Carolyn Browne Tamler

has helped hundreds of businesses and organizations with her thoughtful facilitation and research services. She also writes colorful and compelling articles about new business initiatives! Would this help you? Call Carolyn today!

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    2055 Pheasant Farm Lane
    Freeland, WA 98249

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    6-16-16 Can you help me market a friend’s book?

    A good friend of mine, Theo Wells, just published her book, “Take Care of Dying, Get on With Living,’ and she asked if I could help her market the book.  The book is about end-of-life planning and the information is vital for all of us.I like to think I know about marketing, but I realized promoting a book was a bit out of my marketing world.

    So, I’d like to play a bit with social media and with the idea that some of you who read my Blogs may have ideas of places where you can pass this information on.

    The story of her book being available locally at Moonraker Books in Langley and on-line at Amazon has just been published in the Whidbey Buzz section of Whidbey Local::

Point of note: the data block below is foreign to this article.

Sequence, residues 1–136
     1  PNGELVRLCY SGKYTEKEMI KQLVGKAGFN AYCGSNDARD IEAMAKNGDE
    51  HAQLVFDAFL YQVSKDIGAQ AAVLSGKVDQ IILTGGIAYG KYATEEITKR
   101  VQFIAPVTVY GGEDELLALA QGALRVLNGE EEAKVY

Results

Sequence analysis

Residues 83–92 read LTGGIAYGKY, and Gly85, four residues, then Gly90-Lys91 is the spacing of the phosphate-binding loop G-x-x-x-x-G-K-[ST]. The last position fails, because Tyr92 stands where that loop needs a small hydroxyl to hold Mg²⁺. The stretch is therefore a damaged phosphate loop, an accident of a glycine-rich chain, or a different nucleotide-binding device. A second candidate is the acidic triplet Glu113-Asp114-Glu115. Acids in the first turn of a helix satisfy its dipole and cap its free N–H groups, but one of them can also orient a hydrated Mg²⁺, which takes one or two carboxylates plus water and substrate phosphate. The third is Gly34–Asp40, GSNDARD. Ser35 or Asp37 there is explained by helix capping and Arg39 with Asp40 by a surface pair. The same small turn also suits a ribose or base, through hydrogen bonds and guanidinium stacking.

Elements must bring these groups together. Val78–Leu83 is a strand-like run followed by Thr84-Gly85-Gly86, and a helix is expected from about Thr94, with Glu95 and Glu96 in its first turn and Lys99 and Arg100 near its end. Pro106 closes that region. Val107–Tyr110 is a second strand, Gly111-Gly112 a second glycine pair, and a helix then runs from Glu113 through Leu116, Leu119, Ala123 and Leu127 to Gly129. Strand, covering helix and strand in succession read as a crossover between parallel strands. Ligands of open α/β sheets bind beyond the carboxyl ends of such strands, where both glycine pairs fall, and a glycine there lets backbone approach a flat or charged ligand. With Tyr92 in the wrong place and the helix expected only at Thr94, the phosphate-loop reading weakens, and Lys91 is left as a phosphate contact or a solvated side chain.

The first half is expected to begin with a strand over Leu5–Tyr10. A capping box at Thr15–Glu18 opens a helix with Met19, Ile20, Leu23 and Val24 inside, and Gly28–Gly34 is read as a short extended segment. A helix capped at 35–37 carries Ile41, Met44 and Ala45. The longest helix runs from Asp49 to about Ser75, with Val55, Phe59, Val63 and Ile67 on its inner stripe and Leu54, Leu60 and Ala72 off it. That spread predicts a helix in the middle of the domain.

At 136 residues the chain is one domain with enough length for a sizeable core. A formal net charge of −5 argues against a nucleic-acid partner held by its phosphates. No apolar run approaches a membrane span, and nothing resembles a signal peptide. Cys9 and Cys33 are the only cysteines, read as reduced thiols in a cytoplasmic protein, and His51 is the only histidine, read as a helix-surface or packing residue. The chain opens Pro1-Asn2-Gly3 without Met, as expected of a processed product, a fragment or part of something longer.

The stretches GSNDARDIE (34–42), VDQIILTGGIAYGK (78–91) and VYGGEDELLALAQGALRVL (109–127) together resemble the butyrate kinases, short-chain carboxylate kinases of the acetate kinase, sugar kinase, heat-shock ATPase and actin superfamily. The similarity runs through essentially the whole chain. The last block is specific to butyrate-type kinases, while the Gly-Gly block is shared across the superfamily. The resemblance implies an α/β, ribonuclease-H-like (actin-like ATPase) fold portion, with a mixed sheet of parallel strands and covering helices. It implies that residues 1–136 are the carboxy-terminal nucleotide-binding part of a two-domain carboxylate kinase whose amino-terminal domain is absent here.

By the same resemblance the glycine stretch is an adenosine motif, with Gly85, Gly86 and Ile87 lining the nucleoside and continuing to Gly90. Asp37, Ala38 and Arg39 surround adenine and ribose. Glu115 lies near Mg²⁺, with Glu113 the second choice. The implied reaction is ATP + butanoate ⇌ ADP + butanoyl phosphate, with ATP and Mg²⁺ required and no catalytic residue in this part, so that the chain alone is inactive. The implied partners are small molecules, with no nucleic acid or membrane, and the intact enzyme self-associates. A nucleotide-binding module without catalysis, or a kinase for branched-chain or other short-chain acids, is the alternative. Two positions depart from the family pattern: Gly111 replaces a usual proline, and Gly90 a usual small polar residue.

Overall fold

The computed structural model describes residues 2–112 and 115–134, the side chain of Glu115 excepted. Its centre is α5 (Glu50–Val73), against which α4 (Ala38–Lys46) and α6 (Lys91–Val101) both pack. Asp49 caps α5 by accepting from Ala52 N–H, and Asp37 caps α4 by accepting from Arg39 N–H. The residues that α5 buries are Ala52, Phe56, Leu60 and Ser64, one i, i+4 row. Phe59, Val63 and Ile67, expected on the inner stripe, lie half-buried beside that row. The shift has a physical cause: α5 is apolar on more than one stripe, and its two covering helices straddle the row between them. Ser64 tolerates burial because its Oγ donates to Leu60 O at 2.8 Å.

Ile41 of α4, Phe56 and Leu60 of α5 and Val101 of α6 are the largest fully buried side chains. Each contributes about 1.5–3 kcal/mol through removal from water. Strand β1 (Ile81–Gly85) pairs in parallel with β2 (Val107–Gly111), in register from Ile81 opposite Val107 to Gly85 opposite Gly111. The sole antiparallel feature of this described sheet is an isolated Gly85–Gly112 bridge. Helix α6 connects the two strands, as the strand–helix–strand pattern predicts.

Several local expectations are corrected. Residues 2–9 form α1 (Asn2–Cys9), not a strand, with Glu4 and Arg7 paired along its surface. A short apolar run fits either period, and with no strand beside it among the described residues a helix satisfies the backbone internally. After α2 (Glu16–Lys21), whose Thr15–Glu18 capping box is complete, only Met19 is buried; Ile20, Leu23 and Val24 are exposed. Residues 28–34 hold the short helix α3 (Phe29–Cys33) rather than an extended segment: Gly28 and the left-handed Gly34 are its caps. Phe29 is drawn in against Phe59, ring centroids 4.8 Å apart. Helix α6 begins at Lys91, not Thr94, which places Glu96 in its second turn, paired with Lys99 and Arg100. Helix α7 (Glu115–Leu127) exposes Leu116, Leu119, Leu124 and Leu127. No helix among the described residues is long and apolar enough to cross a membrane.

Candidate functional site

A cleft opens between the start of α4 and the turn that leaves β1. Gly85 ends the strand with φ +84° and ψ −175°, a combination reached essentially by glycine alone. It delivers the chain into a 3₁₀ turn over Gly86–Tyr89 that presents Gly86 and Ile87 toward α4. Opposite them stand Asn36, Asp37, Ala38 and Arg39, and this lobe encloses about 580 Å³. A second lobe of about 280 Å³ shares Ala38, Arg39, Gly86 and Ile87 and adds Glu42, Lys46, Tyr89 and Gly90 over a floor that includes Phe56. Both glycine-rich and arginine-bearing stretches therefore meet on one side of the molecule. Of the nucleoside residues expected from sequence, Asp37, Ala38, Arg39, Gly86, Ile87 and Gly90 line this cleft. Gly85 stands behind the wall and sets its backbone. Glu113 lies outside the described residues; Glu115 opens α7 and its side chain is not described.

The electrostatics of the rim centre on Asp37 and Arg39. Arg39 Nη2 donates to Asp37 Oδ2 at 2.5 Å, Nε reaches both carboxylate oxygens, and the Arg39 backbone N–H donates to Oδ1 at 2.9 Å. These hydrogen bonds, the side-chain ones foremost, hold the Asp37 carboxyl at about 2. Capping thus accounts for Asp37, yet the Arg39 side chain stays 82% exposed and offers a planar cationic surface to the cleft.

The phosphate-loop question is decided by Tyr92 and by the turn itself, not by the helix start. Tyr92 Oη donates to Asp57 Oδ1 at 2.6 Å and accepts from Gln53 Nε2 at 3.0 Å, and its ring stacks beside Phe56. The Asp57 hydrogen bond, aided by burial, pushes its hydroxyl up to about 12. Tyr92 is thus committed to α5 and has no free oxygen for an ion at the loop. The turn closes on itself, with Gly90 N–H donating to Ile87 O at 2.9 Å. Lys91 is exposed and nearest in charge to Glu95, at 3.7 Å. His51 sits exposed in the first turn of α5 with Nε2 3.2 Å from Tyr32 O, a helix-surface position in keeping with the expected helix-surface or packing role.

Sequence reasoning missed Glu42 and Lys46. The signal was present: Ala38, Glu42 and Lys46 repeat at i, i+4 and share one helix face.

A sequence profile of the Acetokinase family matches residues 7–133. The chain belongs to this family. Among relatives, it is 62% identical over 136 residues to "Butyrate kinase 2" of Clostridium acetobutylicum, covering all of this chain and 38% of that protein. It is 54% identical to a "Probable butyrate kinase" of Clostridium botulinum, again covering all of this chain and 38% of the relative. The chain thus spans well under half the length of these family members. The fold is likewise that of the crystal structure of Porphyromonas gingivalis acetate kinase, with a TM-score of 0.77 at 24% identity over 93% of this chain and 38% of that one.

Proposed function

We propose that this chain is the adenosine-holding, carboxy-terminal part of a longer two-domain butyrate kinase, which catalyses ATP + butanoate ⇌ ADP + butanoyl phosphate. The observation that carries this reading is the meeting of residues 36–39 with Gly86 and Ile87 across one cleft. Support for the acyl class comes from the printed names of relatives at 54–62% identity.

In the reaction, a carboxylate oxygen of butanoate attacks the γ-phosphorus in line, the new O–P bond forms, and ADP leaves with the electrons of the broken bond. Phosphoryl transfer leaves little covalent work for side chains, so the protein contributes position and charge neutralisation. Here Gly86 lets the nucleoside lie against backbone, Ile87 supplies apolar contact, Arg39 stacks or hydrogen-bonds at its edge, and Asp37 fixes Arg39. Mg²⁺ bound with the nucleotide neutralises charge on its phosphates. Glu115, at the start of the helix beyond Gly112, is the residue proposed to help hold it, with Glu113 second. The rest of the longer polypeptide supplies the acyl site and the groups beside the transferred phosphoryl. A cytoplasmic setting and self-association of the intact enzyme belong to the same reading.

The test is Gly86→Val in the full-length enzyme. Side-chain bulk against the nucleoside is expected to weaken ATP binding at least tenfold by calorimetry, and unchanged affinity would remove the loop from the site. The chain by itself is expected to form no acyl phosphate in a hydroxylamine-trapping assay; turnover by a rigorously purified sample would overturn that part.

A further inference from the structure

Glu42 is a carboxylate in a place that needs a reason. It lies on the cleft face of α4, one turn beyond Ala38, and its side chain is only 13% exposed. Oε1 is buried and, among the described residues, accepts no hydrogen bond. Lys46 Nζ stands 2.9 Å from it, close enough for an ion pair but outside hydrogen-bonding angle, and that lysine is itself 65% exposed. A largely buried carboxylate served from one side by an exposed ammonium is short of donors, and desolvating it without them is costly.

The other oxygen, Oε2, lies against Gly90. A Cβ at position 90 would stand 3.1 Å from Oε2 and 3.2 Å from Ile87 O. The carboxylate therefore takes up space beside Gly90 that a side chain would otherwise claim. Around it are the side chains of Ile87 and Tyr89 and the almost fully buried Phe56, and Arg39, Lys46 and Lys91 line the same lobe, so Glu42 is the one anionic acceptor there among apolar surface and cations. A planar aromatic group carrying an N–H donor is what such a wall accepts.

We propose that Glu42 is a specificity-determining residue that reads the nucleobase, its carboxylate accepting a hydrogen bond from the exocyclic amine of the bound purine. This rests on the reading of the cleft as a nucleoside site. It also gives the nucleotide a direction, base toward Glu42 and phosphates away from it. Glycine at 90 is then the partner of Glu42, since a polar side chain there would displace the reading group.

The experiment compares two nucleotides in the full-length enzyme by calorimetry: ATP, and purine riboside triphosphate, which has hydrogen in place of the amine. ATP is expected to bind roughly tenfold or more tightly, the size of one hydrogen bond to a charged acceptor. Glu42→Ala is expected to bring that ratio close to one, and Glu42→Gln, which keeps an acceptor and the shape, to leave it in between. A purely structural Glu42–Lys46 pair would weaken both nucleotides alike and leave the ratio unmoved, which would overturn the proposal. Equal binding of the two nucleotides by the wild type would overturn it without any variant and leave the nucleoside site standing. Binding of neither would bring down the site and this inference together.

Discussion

Please share this link with your friends, and especially with anyone who you believe might benefit from the information in the book.  There is a great recommendation for the book at the top of the cover: “This book is a must read for anyone who is going to die.” - God


    6-9-16 Clinton Chamber of Commerce is all about collaboration

    One of my major themes is the power of collaboration.  Two women are now heading the Clinton Chamber of Commerce, and they are helping to build the Clinton business community by encouraging members to support and promote each other.

    I met recently with the new Chamber President, Stephanie Cook, and the new Vice President, Janae Cameron, and we had an extended conversation about their vision for Clinton.